The Right Way to Innovate
Rather than selling products you think people ought to buy, put out things they'll actually use.
Early digital cameras cost thousands of dollars and produced images most people wouldn't give a nickel for. Today, a few hundred dollars buys a digital camera with quality rivaling conventional photography. Yet last year, the most popular digital cameras were low-resolution snap shooters built into cell phones. Why didn't reasonably priced, high-quality products beat low-quality alternatives?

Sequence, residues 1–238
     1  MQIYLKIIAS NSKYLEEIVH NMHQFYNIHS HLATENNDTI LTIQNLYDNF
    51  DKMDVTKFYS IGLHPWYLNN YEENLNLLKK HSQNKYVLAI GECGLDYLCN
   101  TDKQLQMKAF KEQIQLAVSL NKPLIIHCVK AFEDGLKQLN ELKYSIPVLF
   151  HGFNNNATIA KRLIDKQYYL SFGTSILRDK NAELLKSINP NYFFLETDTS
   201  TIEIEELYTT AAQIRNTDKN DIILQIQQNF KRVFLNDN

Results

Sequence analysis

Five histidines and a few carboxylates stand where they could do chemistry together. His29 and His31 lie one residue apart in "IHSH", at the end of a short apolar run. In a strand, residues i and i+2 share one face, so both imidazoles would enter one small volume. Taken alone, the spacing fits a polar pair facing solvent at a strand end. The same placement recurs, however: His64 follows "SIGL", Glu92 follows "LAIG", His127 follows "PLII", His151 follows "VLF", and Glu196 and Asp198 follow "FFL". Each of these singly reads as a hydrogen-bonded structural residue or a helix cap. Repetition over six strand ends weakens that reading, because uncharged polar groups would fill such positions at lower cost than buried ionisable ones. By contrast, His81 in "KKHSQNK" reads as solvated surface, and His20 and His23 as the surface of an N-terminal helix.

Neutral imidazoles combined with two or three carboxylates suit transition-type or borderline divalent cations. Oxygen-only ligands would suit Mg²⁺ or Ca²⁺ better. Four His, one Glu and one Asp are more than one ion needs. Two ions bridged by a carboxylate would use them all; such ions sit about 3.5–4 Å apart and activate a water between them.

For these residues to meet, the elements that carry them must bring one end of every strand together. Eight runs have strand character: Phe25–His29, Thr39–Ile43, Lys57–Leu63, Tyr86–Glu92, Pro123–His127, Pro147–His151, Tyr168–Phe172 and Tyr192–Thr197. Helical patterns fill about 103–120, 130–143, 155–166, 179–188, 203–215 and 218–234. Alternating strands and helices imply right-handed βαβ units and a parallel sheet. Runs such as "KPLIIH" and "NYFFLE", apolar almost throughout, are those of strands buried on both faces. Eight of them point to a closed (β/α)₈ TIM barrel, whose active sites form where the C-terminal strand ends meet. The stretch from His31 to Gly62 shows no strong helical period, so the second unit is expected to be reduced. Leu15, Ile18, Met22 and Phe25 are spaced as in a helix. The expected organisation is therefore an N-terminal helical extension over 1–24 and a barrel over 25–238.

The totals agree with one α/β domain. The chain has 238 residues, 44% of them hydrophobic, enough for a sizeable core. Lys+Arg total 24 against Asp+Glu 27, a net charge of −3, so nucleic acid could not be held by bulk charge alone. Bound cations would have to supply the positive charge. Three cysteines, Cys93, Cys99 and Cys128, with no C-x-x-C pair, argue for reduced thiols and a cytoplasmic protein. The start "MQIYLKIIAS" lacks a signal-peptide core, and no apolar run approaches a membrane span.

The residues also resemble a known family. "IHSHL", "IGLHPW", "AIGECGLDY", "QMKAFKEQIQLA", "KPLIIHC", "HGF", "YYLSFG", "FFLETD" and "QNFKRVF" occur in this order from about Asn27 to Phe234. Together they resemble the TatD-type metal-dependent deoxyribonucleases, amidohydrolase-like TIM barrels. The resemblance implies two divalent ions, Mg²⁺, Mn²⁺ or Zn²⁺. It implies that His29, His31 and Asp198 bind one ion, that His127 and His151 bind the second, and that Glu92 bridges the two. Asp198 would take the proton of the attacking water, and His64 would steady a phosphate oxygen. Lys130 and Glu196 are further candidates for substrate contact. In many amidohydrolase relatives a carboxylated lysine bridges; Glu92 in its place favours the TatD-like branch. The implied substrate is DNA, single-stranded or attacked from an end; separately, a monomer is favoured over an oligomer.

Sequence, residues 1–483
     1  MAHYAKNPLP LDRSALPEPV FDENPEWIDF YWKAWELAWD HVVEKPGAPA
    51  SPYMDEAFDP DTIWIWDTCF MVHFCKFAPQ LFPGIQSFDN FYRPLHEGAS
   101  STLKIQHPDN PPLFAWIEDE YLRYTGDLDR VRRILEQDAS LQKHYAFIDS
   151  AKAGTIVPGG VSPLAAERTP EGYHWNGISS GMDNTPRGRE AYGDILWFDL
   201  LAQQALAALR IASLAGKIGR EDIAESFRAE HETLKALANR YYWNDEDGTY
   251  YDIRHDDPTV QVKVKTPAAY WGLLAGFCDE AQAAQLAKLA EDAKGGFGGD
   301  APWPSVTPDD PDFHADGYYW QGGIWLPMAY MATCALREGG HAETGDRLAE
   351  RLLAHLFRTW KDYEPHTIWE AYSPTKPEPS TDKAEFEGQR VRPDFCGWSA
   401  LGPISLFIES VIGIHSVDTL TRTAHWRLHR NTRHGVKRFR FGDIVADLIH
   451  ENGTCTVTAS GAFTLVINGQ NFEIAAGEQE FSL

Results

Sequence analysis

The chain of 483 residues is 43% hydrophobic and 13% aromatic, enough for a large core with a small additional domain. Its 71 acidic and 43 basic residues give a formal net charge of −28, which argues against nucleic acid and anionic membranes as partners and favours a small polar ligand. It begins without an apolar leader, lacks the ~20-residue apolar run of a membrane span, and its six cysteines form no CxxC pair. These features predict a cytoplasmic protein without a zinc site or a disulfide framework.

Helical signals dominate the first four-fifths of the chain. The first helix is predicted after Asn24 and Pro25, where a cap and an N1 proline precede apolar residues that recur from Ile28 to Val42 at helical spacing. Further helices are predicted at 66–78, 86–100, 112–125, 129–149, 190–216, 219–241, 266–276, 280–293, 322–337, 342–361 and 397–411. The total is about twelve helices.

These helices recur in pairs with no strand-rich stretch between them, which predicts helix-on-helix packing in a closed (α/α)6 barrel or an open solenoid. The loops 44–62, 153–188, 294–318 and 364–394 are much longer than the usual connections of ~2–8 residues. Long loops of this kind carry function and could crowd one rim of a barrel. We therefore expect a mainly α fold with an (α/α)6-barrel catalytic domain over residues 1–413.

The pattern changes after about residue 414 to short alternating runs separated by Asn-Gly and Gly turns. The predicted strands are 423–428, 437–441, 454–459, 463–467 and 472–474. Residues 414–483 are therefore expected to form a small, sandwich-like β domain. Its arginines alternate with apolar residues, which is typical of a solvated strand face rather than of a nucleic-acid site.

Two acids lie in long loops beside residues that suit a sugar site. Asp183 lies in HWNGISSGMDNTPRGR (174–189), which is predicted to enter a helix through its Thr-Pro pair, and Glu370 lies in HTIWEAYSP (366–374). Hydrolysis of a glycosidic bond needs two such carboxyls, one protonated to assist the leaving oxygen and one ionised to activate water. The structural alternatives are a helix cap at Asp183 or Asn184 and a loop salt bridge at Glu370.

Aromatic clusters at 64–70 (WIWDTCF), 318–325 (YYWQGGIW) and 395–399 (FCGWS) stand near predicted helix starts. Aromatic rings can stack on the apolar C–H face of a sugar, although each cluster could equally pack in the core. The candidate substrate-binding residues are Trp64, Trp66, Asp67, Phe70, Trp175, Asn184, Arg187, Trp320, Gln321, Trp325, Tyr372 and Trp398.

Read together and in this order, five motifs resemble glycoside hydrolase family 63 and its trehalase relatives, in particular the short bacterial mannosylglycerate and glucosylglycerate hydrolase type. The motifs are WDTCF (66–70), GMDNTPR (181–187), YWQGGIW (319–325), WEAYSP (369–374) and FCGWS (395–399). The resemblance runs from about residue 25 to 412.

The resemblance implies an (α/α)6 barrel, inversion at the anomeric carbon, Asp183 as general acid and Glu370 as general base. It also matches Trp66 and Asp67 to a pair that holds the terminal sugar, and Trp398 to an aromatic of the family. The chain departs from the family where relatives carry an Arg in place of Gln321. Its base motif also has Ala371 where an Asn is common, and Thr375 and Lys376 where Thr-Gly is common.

The answer lies in the reality of what recreational photographers are asking their cameras to do. These users aren't really focused on image quality, says Michael E. Raynor, a director at Deloitte Research in Toronto and co-author with Clayton M. Christensen of The Innovator's Solution: Creating and Sustaining Successful Growth. They're taking snapshots to share with friends and family, and low-resolution digital photos are easy to distribute electronically. Building the camera into a phone makes it even simpler. Says Raynor, "Digital camera-phones are better [for] taking pictures and sending [them] to your friends."
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